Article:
Justice for defectors
*The author is a senior editorial writer at the JoongAng Ilbo.
“Men cannot live without going out into the square,” Choi In-hoon wrote in the preface of his modern-classic novel “The Square.” “But at the same time, men are animals that cannot survive without retreating to a secret room.”
Humans need both the public and private sphere where they can pursue social values and personal happiness at the same time. When the square and the secret room are in balance and harmony, humans can enjoy their lives.
In the novel, Lee Myung-joon, a South Korean, becomes a North Korean military officer and fights in the Korean War. He becomes a prisoner of war, and upon his release, he chooses a third country instead of South or North Korea.
But aboard a ship to India, Lee realizes that keeping a balance between the public and private sphere is impossible in his reality and jumps into the South China Sea.
“The Square” is a rare masterpiece depicting the intense agony of an intellectual in a divided country oppressed by ideologies. The author was born in the North during Japanese occupation, moved to the South on a retreating U.S. transport ship during the Korean War and settled there. His experiences became the basis of his novel, but it is remarkable that he wrote the masterpiece at the age of 25.
“The Square” brings to mind Thae Yong-ho, a former North Korean diplomat who defected to the South from the United Kingdom, and 12 North Korean waitresses who defected via China. Inter-Korean relations were going smoothly after the summit meeting between President Moon Jae-in and North Korean leader Kim Jong-un on April 27, but they are quickly growing icy because of the defectors.
Natan Sharansky, a Jewish Soviet dissident, proposed the “town square test” in his 2004 book “The Case for Democracy” as a standard for determining whether a society is free or not. “If a person cannot walk into the middle of the town square and express his or her views without fear of arrest, imprisonment or physical harm, then that person is living in a fear society, not a free society,” he wrote.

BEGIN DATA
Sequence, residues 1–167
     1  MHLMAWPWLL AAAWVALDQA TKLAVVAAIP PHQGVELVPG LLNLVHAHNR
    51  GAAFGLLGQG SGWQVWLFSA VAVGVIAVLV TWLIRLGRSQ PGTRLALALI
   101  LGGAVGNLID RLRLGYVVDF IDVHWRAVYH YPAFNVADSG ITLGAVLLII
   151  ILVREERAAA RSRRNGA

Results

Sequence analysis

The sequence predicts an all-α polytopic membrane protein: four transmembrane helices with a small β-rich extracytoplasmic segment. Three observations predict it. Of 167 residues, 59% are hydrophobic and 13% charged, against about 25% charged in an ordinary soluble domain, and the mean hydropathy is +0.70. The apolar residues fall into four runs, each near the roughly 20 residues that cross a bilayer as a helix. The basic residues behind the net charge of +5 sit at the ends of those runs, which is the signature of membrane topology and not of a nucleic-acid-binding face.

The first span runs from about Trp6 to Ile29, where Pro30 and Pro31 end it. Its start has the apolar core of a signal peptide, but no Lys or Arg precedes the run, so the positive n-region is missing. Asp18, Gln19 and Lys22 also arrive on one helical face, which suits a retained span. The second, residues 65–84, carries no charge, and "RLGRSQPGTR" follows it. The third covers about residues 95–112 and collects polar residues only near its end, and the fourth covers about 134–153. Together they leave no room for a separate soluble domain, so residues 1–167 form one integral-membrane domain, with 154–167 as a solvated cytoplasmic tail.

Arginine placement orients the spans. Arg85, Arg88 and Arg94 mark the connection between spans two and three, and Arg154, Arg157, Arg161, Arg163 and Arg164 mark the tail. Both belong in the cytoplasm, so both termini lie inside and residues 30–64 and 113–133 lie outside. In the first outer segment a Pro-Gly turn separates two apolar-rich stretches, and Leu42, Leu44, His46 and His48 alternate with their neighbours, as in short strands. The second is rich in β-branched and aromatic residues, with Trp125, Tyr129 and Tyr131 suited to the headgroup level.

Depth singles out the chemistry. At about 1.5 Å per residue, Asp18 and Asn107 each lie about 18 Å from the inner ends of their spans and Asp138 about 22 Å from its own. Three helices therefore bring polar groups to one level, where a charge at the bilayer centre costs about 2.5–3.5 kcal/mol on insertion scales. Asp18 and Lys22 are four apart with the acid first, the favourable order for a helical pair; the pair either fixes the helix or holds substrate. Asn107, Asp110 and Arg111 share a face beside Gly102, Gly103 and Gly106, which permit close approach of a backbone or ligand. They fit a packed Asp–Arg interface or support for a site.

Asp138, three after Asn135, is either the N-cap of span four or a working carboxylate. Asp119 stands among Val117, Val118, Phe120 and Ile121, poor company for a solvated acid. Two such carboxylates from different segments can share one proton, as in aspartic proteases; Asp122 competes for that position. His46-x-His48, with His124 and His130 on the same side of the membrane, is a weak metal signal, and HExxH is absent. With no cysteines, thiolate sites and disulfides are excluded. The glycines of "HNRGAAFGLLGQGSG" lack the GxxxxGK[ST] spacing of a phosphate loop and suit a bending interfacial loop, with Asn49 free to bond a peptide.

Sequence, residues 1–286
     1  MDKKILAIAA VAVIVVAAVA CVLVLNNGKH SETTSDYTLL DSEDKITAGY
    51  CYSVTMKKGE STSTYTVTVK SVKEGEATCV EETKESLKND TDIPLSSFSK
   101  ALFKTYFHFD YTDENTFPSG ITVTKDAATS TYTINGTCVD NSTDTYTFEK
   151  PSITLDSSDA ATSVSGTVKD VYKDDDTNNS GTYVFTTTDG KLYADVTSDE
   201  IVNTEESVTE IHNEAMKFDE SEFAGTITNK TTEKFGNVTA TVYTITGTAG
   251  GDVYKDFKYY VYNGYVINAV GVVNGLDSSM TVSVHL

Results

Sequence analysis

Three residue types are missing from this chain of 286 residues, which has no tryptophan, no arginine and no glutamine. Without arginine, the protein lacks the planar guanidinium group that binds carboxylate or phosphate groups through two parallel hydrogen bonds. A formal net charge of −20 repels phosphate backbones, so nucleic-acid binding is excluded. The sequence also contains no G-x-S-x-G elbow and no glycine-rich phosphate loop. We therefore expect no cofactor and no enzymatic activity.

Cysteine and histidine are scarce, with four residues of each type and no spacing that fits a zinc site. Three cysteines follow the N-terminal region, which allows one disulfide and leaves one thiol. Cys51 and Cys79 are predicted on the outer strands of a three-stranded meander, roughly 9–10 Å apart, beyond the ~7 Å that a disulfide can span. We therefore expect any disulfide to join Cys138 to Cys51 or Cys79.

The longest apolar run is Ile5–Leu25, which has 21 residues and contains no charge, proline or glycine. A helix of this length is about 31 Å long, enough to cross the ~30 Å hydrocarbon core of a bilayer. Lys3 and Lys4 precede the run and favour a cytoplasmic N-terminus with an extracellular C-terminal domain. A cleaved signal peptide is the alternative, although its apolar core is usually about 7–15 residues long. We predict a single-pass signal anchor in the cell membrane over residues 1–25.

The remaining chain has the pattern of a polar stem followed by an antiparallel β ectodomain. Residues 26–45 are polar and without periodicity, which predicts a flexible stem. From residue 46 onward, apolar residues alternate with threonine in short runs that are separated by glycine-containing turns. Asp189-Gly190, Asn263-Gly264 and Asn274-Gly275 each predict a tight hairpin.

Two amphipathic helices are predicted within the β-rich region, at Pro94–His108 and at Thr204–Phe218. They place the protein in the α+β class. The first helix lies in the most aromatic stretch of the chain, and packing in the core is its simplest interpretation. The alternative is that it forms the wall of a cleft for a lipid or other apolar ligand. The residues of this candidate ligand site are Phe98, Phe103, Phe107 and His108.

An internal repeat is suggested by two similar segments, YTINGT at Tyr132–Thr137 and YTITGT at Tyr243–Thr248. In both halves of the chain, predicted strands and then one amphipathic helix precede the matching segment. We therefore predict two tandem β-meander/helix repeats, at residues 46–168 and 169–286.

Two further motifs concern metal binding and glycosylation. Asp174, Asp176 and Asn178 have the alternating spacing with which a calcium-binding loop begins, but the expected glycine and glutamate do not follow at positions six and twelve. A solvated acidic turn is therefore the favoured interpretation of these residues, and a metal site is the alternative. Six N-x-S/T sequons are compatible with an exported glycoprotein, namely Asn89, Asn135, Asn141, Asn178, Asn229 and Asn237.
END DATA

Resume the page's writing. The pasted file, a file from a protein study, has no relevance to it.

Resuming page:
Regardless of circumstances or motives, Thae came to the free society of South Korea on his own free will and became a citizen. His words and writing are obstacles to inter-Korean relations, but his mouth cannot be shut and his pen cannot be broken. When he is restrained, it means we are not a free society.
There is no room for negotiation on Thae’s behavior, but he should take responsibility for his own words because the validity of his claims will be verified in time. The agony of the square and secret room that Lee had is shared by Thae, a high-profile defector now living in South Korea.
However, the defection of the waitresses is a different matter. Then-President Park Geun-hye’s administration announced the defection and released their photographs to the media five days before a general election. If the government had cared about the safety and human rights of the defectors and their families in the North as it claimed, it wouldn’t have released their identities in the first place.
It is reasonable to suspect that the Park administration wanted the public to think its North Korea policies have stirred up North Korean society. It’s likely that they wanted to score points during the election. A recent JTBC investigation brought up the issue again. The manager and some waitresses who interviewed with JTBC suggest that they did not defect fully voluntarily.
The Moon Jae-in administration is in a dilemma, and the harder the challenge, the more it should keep the right path. An accurate investigation is necessary. This is not about being liberal and conservative. It is a matter of human rights and justice, the very basic values of a free South Korea. Prosecutors must conduct a thorough investigation on the case filed by the Lawyers for a Democratic Society.
When the former administration’s wrongdoing is revealed, the government should ask for forgiveness, and those involved must be strictly punished. At the same time, the free will of the 12 waitresses need to be verified through the United Nations’ human rights agency, and those who wish to return to the North should be sent back.
The North Korean waitresses came to a free society, but they are not free. They don’t have the privilege of the square, only their secret rooms. Society should not neglect their tragic lives with a broken balance between the public and private sphere. They should get back to a harmonious life after a swift investigation.
Lee Myung-jun’s extreme choice should remain in the novel. The waitresses are asking South Koreans to show their conscience and common sense.
JoongAng Ilbo, May 22, Page 27